Jazz Is Dead Jazz Is Dead guitarist Jeff Pevar cut loose on a solo right out of the box at the Birchmere Tuesday night, unleashing a screaming, diametric opposite to the countrified and noodly streams that were trademark Jerry Garcia. That was kind of the point, though, since this band is all about truckin' through the Grateful Dead catalogue with a fresh mind-set, mostly laying a jazz-fusion tinge on the venerable San Francisco band's legacy.

The show that Jazz Is Dead brought to the Birchmere was " 'Europe '72' Reimagined," meant to be an exploration of that classic live triple LP, and aside from some histrionic guitar from Pevar, the group enlivened the Dead grooves. Alongside Pevar, the group's revolving membership for this tour included drum legend Billy Cobham, keyboardist T. Lavitz (who once unsuccessfully auditioned for the Dead) and Little Feat bassist Kenny Gradney.

Since much of "Europe" is guitar-driven, Pevar acted as leader, defining the grooves to songs like "China Cat Sunflower," and taking solos that were often evocative, occasionally over the top, but always showcases for his phenomenal technique. Lavitz shone on a wonderful, New Orleans-spiced vamp through "He's Gone," while Gradney anchored a skeletal pass at "I Know You Rider." Cobham, behind his massive kit, was a powerful time-keeper and played a wide-open drum solo, long a staple of any Dead show.

The band strayed a bit from the official theme with an encore of "Dark Star," but Jazz Is Dead proved it remains one of the more enjoyable of the passel of Dead-legacy bands.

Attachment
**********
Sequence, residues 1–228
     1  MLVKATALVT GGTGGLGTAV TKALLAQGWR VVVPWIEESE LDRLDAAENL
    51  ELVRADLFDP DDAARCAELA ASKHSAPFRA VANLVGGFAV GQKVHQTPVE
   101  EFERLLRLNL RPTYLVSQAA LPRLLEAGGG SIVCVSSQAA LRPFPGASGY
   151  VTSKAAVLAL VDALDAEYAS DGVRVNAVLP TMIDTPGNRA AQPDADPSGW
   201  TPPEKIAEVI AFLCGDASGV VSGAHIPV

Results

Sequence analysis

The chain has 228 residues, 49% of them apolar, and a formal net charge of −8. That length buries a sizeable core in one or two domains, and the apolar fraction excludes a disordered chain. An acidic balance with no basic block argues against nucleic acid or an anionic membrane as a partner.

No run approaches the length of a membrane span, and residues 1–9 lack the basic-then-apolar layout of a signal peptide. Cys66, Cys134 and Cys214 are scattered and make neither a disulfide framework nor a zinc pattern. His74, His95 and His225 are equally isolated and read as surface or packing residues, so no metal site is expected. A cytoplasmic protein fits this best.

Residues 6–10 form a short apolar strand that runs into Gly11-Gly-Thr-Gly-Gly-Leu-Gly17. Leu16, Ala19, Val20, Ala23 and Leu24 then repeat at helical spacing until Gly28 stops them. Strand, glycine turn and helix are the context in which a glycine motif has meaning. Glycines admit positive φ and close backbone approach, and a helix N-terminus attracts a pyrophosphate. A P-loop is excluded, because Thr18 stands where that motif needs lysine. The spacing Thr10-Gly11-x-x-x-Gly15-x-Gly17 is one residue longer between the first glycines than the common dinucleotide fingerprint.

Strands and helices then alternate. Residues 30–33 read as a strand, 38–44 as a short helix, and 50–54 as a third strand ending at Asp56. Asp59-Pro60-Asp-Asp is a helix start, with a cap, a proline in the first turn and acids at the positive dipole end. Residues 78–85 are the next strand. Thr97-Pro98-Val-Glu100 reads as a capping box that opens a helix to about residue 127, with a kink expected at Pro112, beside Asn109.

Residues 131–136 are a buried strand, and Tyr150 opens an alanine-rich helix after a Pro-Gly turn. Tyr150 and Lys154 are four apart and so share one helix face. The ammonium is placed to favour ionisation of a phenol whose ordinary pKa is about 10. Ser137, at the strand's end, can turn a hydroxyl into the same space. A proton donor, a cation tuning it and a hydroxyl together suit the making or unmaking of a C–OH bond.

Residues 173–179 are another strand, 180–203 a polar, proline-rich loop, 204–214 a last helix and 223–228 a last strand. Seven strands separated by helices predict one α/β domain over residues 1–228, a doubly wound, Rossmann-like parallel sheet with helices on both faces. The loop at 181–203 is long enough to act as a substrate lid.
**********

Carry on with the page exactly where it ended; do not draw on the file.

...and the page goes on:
-- Patrick Foster The Strokes Live rock-and-roll has always been, in good part, a visual medium. From Elvis on, kids have talked about going to see their favorite acts in concert, not going to hear them. Yet the Strokes, the New York-based new-rock avatar, either aren't aware of the importance of energy to a concert setting or, more likely, they choose to ignore its importance. In any case, on Tuesday at Constitution Hall the Strokes displayed all the vim and vigor of your typical pet rock.

Almost all the ingredients needed for a great show were present: a packed house, a hot act, and songs so good they could almost justify the hype thrown the Strokes' way. Yet the mood in the hall for much of the set was sadly sedate, and the blah ambiance could be traced to the energy shortage onstage.

The Strokes' choice of lethargy as a shtick is particularly confounding when you consider how kinetic their recorded product makes the band seem. Much of the set list came from "Is This It," the Strokes debut released in September 2001, such as bouncy radio fodder "Last Nite," "Hard to Explain" and "The Modern Age." Even the new material Tuesday night followed the formula that proved so winning on the band's disc: Guitarists Nick Valensi and Albert Hammond Jr. deliver quick bursts of downstrokes on their guitars, drummer Fabrizio Moretti taps a military beat on his snare, and bassist Nikolai Fraiture sits out until the song gets warmed up. Then Julian Casablancas starts singing and Fraiture's bass comes in to drive the melody. Head-bobbing, fist-pumping and pogoing should ensue from the orchestra pit to the rafters.

But they didn't. The only signs of life from the stage came late in the show. First Casablancas had a brief scuffle with a heckler, then came to the microphone to rip the crowd's conduct. He invited fans to jump onstage during "Take It or Leave It," but given the apathy he'd shown up to that point, the move came off as a way to get out of doing an encore.

-- Dave McKenna

The Strokes, live but lifeless Tuesday at Constitution Hall.